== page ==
Rice poll finds Harris County voters would support ban on texting while driving

Sep 30, 2013
Rice poll finds Harris County voters would support ban on texting while driving
Credit: distraction.gov

Eighty-eight percent of Harris County likely voters would support a Texas state law to ban texting while driving, according to a new poll conducted by Rice University's Center for Civic Leadership.

The found that only 10 percent would oppose a ban. The poll was overseen by Rice political scientist Bob Stein and prepared for KHOU-TV and KUHF-FM as part of a series of studies announced this week.

"It appears clear as day that Harris County residents would support a ban on texting while driving," Stein said. "The prevailing attitude in Harris County appears to mirror the national growing trend of adopting legislation."

According to the Governor's Highway Safety Association, 41 states, Washington, D.C., Puerto Rico, Guam and the U.S. Virgin Islands ban text messaging for all drivers. The state of Washington was the first to texting while ; its state law took effect in 2007.

The use of text messaging has increased dramatically over the past decade. As of December 2012, more than 171 billion text messages per month were sent in the U.S., according to CTIA The Wireless Association, an international nonprofit membership organization that represents the wireless communications industry.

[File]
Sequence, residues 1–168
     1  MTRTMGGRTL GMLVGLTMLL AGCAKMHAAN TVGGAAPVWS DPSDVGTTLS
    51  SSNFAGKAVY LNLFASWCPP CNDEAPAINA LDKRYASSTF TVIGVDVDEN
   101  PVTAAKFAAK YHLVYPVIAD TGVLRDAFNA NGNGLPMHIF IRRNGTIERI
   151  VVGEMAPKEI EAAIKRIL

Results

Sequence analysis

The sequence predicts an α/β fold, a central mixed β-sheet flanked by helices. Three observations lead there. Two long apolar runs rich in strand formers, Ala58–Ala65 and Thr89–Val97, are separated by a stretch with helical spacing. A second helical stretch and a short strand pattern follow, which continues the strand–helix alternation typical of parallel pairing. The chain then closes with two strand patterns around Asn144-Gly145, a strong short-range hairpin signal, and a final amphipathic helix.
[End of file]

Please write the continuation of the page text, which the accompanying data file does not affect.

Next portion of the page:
The Pew Internet and American Life Project found that text messaging is the most common nonvoice application Americans use on their mobile phones. Some 73 percent of adult cell owners use the text-messaging function on their phone at least occasionally. The Pew study also found that young adults text significantly more than all other demographic groups, with 18- to 29-year-olds sending or receiving an average of nearly 88 text messages per day.

The Rice poll, conducted Sept. 11-20, included 650 Harris County residents and has a margin of error of plus or minus 3.8 percent. The University of Houston Center for Public Policy Survey Research Institute assisted with the research.

Explore further: Non-emergency lines still need a back up plan in case of another meltdown

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